‘Yet this sea, this beautiful sea, is not to be trifled with. If it gets angry and suddenly and unexpectedly begins to foam, the waves whipped up by the tramountana rise up, break out in the open sea and crash furiously down onto the rocks, which wince and howl with pain, then ride over the jetties, the foot of the lighthouse and the surrounding roads and burst into the harbour, whose mouth lies open to the full force of the tramountana. At times like this no vessel can escape its fury, no matter whether it is inside or outside the harbour. It is sheer hell, and yet incredibly majestic.’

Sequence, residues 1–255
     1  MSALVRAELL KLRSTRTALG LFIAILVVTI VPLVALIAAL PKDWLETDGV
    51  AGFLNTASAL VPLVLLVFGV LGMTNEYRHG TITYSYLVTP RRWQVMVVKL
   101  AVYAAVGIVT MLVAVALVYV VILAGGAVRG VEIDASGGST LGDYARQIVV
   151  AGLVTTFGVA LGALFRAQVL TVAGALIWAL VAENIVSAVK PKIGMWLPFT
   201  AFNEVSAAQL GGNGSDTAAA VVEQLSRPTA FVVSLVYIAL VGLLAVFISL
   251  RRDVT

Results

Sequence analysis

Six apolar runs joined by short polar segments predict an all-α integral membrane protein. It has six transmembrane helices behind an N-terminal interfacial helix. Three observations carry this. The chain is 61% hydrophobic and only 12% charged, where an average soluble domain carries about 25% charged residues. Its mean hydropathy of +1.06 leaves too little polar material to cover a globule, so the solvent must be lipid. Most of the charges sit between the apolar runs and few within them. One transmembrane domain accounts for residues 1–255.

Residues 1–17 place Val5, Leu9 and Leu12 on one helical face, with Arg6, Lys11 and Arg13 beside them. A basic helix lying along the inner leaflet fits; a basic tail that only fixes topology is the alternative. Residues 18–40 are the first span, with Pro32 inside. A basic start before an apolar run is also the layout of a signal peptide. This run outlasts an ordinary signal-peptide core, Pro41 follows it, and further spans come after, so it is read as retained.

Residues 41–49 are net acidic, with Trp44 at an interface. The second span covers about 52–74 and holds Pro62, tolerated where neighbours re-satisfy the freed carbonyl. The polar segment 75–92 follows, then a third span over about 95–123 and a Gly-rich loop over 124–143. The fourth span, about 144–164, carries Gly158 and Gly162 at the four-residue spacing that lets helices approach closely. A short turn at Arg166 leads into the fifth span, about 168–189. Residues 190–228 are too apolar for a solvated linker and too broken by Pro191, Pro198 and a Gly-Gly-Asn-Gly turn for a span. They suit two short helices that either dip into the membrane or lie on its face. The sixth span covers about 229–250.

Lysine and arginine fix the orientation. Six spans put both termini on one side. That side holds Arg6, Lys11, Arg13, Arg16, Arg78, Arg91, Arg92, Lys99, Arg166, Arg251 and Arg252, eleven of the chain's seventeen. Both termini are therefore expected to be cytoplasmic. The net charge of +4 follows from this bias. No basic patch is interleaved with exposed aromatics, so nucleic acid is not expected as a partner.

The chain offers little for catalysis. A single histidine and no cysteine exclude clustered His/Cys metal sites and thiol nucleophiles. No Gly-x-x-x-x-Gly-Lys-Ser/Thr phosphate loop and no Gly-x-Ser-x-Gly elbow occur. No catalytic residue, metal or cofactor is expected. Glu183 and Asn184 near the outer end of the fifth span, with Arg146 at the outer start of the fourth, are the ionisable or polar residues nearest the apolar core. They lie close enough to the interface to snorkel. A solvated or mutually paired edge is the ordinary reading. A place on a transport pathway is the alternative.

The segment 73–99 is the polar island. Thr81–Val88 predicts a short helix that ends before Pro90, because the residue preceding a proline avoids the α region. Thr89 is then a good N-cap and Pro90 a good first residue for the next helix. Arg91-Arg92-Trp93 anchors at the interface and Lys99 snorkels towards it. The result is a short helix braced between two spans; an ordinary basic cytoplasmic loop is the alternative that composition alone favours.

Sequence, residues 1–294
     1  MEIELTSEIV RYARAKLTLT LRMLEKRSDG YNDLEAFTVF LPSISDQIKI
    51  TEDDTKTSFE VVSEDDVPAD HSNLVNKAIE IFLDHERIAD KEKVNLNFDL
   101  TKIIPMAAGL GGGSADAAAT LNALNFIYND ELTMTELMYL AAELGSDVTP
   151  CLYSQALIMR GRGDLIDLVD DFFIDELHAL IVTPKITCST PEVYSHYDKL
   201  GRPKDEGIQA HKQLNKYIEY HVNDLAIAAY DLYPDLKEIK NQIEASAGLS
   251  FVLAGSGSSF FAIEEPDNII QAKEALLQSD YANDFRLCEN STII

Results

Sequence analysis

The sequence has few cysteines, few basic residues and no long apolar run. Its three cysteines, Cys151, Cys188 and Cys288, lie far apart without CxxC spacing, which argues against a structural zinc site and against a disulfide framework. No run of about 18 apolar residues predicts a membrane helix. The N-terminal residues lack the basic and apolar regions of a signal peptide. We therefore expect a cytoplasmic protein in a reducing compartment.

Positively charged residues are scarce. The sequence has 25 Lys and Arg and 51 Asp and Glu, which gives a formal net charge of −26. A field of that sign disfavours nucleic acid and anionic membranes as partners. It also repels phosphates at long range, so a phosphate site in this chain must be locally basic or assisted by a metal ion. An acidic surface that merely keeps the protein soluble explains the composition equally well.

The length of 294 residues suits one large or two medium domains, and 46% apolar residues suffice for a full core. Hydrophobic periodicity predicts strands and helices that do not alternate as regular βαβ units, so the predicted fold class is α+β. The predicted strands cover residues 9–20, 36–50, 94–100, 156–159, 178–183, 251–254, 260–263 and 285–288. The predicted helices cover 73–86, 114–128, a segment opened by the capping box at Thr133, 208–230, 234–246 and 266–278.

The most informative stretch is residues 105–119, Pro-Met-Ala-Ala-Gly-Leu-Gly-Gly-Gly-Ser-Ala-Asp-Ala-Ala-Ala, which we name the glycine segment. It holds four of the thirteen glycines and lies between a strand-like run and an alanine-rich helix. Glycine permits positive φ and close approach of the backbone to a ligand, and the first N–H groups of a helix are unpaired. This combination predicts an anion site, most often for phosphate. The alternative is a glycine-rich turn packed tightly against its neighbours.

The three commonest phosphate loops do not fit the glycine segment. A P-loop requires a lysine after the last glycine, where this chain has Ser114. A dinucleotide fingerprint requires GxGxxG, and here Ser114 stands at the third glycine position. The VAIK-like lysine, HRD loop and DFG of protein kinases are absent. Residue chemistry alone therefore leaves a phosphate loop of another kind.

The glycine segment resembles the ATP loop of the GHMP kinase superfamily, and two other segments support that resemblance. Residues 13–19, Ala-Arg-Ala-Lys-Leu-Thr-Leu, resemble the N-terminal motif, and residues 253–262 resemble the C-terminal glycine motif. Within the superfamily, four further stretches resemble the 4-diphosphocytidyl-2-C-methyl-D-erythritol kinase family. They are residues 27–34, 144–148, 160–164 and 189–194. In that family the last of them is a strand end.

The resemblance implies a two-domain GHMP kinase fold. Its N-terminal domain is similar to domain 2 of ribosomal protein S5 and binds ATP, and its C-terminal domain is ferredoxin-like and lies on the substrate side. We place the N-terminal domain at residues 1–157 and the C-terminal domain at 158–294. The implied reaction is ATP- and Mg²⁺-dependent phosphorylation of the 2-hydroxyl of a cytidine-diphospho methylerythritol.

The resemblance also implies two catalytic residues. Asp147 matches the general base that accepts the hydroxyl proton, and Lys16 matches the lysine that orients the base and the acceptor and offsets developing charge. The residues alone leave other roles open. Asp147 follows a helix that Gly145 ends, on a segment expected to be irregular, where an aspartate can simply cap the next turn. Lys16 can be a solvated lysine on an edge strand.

In Andreas Keleshis’ gripping novel, set in the Kyrenia of the 1950s, a boy and his father are caught at sea in the fury of maistrotramountana. Their fate rests on their courage and a knowledge of the sea passed down through generations.